John Lewis Partnership has warned that staff may not receive a bonus this year after a disappointing set of Christmas sales results, with annual profits for the year expected to fall.
The worker-owned retailer added that Paula Nickolds, managing director of department store business John Lewis and Partners, is to stand down. Gross sales for the business were £1,134m, down 2.3% on last year and down 2% on a like-for-like basis. Its online sales increased by 1.4%.
At food business Waitrose & Partners gross sales (excluding fuel) were £1,033m, down 1.3% versus last year (due to shop closures) but up 0.4% on a like-for-like basis. Online sales increased by 16.7% and in the seven days to Christmas online grocery orders were up 23.4%.
Gross sales across the whole Partnership for the festive period were down 1.8% last year, to £2,167m.
Sir Charlie Mayfield, chair of the John Lewis Partnership, said: “We saw a good sales performance in Waitrose & Partners, despite a weak grocery market, with like-for-like sales up 0.4%. In John Lewis & Partners like-for-like sales were 2.0% down on last year. Operationally – across availability, service, delivery and online – we saw a strong performance in both brands.
“In John Lewis & Partners, beauty sales were up 4.7%, comfortably ahead of the market, with overall fashion sales up 0.1%. Home sales were down 3.4% and electricals and home technology sales were down 4%. We saw significant variation in levels of demand with Black Friday sales up 10% on the equivalent period last year, followed by more subdued demand in the subsequent weeks.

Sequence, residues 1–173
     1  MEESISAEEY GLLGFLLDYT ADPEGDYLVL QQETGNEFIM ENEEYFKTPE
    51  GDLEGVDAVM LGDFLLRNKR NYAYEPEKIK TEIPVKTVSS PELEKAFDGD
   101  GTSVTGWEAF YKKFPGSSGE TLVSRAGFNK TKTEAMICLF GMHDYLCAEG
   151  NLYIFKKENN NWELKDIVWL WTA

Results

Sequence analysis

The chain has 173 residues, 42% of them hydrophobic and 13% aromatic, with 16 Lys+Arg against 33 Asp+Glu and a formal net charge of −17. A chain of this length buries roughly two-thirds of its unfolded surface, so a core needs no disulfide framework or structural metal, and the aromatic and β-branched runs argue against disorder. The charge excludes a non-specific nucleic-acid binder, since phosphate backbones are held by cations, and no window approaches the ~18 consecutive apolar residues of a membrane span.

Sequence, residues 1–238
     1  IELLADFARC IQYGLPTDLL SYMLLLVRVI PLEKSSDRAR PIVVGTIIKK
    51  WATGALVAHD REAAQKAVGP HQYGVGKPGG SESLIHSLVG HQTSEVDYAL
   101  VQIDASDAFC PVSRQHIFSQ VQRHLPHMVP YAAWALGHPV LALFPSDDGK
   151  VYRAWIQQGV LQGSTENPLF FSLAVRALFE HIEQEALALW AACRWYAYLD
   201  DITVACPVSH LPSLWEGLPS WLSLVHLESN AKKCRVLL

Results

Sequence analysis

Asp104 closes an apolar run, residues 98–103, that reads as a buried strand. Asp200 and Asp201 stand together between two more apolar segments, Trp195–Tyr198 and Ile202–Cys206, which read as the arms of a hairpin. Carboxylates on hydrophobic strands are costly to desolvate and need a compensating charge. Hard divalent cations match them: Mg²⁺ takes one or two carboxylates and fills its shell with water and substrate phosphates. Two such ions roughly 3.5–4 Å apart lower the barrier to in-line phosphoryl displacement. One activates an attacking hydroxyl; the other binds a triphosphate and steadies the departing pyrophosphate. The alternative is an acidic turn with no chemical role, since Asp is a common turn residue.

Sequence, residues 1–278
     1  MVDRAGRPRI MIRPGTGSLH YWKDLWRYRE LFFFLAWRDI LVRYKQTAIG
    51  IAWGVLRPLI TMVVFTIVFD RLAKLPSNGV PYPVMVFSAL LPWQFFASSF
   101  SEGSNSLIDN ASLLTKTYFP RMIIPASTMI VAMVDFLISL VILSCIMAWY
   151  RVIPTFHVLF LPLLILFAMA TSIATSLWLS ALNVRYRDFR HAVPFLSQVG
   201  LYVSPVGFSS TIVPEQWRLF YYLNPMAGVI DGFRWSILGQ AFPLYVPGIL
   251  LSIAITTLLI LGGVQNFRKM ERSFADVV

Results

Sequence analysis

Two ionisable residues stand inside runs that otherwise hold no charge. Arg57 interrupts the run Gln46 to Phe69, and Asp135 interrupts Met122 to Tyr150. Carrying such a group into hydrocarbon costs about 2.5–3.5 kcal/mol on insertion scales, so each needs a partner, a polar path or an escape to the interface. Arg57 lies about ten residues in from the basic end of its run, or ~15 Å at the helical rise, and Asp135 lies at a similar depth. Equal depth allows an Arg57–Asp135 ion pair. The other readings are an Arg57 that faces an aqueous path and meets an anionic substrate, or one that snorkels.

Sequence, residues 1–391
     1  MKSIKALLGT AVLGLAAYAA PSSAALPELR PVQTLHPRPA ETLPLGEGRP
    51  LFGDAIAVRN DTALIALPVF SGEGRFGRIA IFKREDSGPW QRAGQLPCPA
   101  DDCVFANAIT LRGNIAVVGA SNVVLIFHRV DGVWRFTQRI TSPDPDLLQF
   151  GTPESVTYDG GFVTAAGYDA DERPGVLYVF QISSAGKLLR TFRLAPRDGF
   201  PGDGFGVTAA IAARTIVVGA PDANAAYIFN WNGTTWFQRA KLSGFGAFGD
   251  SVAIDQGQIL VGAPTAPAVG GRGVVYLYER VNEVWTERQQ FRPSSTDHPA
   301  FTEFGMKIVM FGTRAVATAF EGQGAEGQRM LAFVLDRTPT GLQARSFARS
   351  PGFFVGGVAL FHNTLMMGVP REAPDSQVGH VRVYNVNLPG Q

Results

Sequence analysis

“In Waitrose & Partners we saw encouraging progress against our milestones to accelerate growth online next year, with a 23.4% increase in orders and an increase in basket sizes in the seven days to Christmas.”
Sir Charlie said he expected profits at Waitrose to be broadly in line with last year, but at John Lewis profits will be substantially down on last year.
He added: “The partnership board will meet in February to decide whether it is prudent to pay a partnership bonus. The decision will be influenced by our level of profitability, planned investment and maintaining the strength of our balance sheet.”
The departure of Ms Nickolds, the first female managing director of the Partnership, has surprised industry observers. She had been expected to become executive director of brand next month, when the executive teams behind John Lewis and Waitrose are merging into a single team.
A spokesperson for John Lewis said: “After some reflection on the responsibilities of her proposed new role, we have decided together that the implementation of the future partnership structure in February is the right time for her to move on.”
Ms Nickolds was the first woman to become managing director of the partnership, having worked her way up after joining as a graduate trainee in 1994.
She will leave the partnership next month, when Sir Charlie is also due to step down; he will be replaced by former civil servant Sharon White.
“Paula has been a brilliant leader of this business for many years,” said Sir Charlie. “We decided together now is the time to step away.”